Okay, But What About Grinders? 

a Baratza Sette 270 grinding directly into a portafilter
We have a number of favorite grinder picks, like the Baratza Sette 270 for espresso.Serious Eats / Jesse Raub

Glad you asked! We love coffee grinders! Specifically, the Baratza Virtuoso+, which is sturdy and grinds coffee with precision burrs that produce consistent grind particles every time. It’s great for drip brewers and manual brew methods, but if you’re looking to spend a little less we also love the Baratza Encore. Coffee nerds looking for top-notch design and flavor clarity might be willing to shell out for the Fellow Ode Gen 2 (which we really liked, even if it is expensive), but if you’re not super particular about your coffee, the OXO Brew Coffee Grinder is an affordable upgrade for most people. Also, we didn’t forget about espresso grinders! The Baratza Sette 270 was our favorite for excellent grind precision, but casual home espresso users will probably love the Baratza Encore ESP, which pulls double duty as a solid espresso grinder and a great filter option better than any of the competition.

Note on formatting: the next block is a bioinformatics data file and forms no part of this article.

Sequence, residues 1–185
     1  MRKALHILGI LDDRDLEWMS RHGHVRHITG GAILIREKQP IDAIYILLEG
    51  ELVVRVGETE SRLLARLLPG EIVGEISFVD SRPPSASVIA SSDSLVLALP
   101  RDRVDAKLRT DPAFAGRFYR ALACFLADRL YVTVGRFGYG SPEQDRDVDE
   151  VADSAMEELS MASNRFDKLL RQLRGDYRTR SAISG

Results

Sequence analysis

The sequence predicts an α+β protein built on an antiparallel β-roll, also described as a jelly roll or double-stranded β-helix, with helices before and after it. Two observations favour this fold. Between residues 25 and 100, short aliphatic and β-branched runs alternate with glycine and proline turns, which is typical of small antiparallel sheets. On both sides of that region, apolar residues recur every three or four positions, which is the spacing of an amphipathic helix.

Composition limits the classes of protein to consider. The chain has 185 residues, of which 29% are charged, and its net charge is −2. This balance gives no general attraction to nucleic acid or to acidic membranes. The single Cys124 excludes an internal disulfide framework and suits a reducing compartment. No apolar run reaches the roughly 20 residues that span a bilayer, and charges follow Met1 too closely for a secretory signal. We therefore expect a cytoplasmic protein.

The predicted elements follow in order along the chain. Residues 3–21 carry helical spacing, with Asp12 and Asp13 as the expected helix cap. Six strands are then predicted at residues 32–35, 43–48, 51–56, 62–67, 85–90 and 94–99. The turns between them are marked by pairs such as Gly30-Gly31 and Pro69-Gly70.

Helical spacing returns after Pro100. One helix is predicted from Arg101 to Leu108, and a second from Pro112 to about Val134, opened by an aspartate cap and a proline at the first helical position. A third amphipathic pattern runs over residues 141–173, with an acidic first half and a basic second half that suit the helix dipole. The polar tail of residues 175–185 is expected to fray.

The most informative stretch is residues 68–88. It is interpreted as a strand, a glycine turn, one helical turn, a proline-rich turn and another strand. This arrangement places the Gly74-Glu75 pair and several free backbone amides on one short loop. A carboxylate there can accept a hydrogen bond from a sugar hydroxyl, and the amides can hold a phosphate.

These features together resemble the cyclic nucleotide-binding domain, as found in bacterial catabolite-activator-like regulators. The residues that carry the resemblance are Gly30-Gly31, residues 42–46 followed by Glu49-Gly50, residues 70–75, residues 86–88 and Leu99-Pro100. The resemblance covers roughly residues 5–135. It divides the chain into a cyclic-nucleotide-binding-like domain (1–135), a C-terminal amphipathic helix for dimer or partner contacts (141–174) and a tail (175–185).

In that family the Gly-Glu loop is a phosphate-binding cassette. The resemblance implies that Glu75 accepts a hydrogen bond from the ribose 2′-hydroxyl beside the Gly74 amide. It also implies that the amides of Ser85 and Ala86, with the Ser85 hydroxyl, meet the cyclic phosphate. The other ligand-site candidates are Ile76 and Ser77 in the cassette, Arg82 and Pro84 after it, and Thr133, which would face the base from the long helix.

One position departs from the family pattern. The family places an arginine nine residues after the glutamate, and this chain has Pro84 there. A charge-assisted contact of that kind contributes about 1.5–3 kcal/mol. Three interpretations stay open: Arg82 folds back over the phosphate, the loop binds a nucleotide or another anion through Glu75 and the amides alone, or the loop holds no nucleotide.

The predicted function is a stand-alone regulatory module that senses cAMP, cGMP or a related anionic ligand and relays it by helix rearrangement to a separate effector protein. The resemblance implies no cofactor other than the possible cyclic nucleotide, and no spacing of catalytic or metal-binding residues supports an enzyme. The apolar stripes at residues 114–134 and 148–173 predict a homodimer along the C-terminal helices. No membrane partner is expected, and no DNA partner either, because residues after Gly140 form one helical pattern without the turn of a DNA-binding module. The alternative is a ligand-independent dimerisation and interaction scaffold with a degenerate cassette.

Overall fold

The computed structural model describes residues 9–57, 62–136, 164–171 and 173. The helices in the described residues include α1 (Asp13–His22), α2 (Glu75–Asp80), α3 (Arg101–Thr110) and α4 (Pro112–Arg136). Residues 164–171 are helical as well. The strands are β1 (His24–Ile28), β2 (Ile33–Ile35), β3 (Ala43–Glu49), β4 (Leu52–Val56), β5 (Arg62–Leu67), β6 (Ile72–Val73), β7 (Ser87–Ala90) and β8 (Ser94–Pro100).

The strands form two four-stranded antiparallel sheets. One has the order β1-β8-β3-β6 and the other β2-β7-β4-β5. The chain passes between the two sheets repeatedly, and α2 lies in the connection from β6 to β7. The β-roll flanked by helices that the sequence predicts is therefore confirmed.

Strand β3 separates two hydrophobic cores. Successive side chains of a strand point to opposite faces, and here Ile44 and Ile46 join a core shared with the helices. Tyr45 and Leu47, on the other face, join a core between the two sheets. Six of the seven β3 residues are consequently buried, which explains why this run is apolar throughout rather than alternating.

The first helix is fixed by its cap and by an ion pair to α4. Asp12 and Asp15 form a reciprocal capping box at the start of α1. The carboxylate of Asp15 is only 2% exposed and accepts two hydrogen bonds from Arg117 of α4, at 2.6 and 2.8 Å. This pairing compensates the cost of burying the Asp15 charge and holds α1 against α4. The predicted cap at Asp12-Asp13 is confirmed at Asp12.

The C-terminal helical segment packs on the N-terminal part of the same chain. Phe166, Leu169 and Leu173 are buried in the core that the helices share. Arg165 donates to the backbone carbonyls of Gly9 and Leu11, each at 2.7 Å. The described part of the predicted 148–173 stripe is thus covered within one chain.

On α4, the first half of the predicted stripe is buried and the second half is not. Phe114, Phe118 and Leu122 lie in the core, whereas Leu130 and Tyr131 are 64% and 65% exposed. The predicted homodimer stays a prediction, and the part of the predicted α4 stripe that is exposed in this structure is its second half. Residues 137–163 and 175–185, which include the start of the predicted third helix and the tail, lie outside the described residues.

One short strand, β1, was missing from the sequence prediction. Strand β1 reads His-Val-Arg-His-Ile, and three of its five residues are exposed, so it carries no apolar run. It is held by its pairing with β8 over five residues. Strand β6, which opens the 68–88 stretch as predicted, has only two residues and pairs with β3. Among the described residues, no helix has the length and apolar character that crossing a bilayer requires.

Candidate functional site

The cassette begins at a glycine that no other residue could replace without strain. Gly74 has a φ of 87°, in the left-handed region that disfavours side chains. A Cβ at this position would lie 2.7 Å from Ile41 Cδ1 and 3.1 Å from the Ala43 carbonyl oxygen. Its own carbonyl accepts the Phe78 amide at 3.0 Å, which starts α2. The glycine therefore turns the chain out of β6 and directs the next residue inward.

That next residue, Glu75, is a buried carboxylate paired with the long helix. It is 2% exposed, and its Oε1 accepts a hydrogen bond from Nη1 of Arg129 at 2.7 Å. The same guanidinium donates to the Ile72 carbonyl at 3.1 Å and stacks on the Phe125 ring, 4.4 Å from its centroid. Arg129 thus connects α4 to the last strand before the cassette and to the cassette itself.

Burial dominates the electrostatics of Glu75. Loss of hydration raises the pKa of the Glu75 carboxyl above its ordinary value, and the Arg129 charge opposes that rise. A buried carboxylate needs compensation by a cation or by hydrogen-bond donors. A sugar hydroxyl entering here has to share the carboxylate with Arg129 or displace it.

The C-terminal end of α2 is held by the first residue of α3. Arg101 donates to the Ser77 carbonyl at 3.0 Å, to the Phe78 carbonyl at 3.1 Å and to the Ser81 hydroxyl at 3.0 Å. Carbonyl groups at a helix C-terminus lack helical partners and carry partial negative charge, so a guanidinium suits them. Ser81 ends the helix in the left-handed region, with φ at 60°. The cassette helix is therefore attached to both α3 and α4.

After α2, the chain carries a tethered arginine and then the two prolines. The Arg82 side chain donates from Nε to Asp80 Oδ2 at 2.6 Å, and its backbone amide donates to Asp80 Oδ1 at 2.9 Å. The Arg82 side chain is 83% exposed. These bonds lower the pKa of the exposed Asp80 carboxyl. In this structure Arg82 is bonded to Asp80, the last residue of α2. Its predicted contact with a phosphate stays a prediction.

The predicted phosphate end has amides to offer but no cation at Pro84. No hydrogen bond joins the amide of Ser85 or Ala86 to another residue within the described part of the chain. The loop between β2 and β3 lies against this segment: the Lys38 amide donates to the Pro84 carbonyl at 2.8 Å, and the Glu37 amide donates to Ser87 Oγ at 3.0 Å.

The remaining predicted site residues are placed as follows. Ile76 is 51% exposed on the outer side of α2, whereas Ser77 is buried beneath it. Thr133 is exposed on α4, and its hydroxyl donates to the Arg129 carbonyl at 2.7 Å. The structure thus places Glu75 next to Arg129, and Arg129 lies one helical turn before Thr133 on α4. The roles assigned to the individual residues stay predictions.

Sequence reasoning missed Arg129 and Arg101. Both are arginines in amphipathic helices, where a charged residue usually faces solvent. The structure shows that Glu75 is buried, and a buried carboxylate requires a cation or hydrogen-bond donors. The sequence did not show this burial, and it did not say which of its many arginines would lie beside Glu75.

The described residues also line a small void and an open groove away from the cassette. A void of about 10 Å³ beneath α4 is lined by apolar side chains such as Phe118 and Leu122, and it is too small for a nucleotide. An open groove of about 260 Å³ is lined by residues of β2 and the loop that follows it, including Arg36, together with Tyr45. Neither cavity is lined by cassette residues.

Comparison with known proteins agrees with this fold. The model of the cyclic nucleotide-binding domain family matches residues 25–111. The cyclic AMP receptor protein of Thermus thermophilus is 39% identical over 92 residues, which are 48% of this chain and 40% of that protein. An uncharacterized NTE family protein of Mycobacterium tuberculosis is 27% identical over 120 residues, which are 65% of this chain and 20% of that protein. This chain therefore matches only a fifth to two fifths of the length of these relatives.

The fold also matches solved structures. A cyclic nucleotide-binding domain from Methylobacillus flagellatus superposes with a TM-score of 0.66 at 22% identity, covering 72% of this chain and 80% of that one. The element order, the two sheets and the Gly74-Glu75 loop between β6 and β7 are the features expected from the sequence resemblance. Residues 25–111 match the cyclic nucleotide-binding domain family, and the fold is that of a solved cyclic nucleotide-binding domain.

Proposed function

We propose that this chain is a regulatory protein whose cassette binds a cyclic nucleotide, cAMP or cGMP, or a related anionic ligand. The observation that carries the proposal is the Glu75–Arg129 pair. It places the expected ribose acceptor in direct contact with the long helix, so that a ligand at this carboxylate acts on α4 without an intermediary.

The Criteria: What to Look for in a Coffee Maker

The best coffee makers, simply put, make the best coffee. For automatic drip brewers and espresso machines, this means brewing at temperatures between 195ºF to 205ºF while evenly saturating the coffee bed. Single-serve brewers need to be convenient and easy to use without sacrificing brew quality. Pourover brewers should have ideal coffee bed geometry and flow control; French presses should have fine-mesh filter screens and insulated dual walls; and cold brew makers should be easy to set up and clean after brewing. 

What we liked: With precision temperature, an excellent sprayhead, a built-in bloom cycle, and fast brew times, the Ratio Six brewed the best-tasting coffee we’ve had from a home machine. It’s a solid piece of equipment that’s built to last (and can be repaired), and is the daily coffee maker for multiple Serious Eats staffers. 

What we didn’t like: It’s hard to ignore the price point, and the difference in flavor quality between this brewer and our other top picks is subtle for most coffee drinkers. If you’ve got the cash and want great coffee quality, the Ratio Six delivers.